What’s the Plan, Stan?

Sometimes when writing one backs oneself into a corner and it’s incredibly difficult to find the way out. I’ve just done that with Path of the Warrior… It’s just entered a vague area between an important character development and the rip-roaring finale, and is in danger of meandering around for its own sake without going anywhere meaningful.

The reason? Well, clearly I’ve gone ‘off mission’. That is, events glibly tossed away in one or two sentences in the synopsis have taken on far more significance, but I’m not sure what that significance is yet. Arse.

The solution? Well, clearly it’s not what I’ve been doing for the last day and a half – distracting myself pimping Space Hulk: The Novel and generally faffing about writing on forums and, well, this post… I need a plan, and I need it pretty quick!

So, I shall explain a bit of my mental process at this stage (in order that writing about it may help me resolve the issues at hand and also mean that this blatant displacement activity ends up with some useful outcome).

The sequence in question is about character relationships, and how they have changed following a fundamental shift in the protagonist’s life. All well and good so far. The problem is, I don’t want this part of the novel to become a simple whistle-stop tour of the other characters, a series of unrelated encounters and conversations that update the reader on the changes wrought but without anything actually happening.

Hmm, what I need is a framework. An excuse, to put it another way, for the protagonist to have the encounters necessary to move his story along and get to the point.

There are a few ways this can be done. Firstly, the protagonist can seek out certain individuals. Secondly, certain individuals can seek him out. Thirdly, there’s always chance encounter (but you can’t really use that more than once in any particular sequence without risking Deus Ex Machina).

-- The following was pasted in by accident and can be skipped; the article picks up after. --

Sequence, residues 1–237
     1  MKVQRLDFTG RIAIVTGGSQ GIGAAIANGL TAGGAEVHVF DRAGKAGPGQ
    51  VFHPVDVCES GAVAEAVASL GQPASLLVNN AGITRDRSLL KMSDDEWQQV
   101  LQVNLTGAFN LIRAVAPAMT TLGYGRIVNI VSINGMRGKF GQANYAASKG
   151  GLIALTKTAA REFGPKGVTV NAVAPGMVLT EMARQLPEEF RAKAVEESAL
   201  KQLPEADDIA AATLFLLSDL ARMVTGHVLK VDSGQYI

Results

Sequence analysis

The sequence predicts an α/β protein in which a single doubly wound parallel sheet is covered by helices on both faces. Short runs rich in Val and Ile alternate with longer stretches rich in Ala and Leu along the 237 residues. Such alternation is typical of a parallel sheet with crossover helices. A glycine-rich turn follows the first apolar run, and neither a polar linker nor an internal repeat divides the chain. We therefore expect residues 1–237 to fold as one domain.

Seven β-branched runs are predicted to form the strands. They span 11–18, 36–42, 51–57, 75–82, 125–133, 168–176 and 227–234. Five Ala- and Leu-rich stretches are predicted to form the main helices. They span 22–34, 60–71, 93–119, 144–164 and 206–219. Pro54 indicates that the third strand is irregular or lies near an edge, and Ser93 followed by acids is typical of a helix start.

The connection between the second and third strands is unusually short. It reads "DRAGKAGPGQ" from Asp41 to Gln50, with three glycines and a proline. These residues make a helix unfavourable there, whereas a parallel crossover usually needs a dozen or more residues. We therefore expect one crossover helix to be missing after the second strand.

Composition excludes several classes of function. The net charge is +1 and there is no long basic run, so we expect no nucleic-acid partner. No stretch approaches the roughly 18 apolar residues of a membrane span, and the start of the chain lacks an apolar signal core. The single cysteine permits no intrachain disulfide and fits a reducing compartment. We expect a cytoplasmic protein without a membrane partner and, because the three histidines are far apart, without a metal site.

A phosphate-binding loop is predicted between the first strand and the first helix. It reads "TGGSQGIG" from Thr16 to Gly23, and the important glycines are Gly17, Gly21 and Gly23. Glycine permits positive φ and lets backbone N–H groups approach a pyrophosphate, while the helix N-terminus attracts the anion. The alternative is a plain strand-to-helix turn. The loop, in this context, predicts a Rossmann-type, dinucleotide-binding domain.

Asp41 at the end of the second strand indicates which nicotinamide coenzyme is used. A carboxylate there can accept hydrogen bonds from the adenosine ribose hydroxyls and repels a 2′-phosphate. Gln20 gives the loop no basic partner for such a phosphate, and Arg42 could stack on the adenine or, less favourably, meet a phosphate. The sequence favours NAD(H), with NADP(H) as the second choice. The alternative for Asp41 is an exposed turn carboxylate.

Right, so that’s a bit more to be going on with.

I need to outline all of the involved parties: their relevance to a) the protagonist, and b) the plot or sub-plots of the novel.

That’s where the problem might lie, thinking about it. As is my wont, I’ve thought quite a lot about the psychology and character dynamics of the story. What I haven’t quite concluded, and is now becoming apparent, is what relevance those dynamics have beyond themselves. They exist beside the plot, not a part of it.

You can get away with some parts of a story being little side-trips and meanderings, but you don’t want to spend a whole chapter detailing events that don’t actually mean anything to the overall story. And that’s the danger here.

I’ve been going about this the wrong way, trying to tackle the problem head-on. What I need to do is get away from the keyboard, back to the pen-and-paper to come up with something that makes these changing dynamics not only character development points, but also plot factors (or more likely sub-plots).

I’ve avoided doing this because I really want to crack on, time is ticking. As is usually the case, it’s probably cost me more time and distraction trying to come up with a solution through writing than it would have done if I’d stepped back earlier on. I don’t think any of the writing time has been an actual waste – it’s good stuff on the page – but by trying to think and write at the same time, my pace has slowed to a crawl, which really doesn’t suit me and gets very frustrating.